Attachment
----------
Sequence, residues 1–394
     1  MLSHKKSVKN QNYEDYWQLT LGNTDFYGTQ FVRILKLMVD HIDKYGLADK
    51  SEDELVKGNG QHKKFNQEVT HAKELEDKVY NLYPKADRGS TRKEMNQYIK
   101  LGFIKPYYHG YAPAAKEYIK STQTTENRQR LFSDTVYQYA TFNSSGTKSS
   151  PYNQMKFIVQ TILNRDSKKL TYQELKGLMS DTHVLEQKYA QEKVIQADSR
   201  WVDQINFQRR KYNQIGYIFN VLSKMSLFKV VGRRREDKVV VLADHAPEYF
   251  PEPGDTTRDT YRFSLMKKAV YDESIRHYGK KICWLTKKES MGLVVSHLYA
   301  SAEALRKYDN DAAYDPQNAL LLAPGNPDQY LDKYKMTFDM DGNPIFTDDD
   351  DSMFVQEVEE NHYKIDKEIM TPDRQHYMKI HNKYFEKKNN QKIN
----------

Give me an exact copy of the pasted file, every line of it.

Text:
Sequence, residues 1–394
     1  MLSHKKSVKN QNYEDYWQLT LGNTDFYGTQ FVRILKLMVD HIDKYGLADK
    51  SEDELVKGNG QHKKFNQEVT HAKELEDKVY NLYPKADRGS TRKEMNQYIK
   101  LGFIKPYYHG YAPAAKEYIK STQTTENRQR LFSDTVYQYA TFNSSGTKSS
   151  PYNQMKFIVQ TILNRDSKKL TYQELKGLMS DTHVLEQKYA QEKVIQADSR
   201  WVDQINFQRR KYNQIGYIFN VLSKMSLFKV VGRRREDKVV VLADHAPEYF
   251  PEPGDTTRDT YRFSLMKKAV YDESIRHYGK KICWLTKKES MGLVVSHLYA
   301  SAEALRKYDN DAAYDPQNAL LLAPGNPDQY LDKYKMTFDM DGNPIFTDDD
   351  DSMFVQEVEE NHYKIDKEIM TPDRQHYMKI HNKYFEKKNN QKIN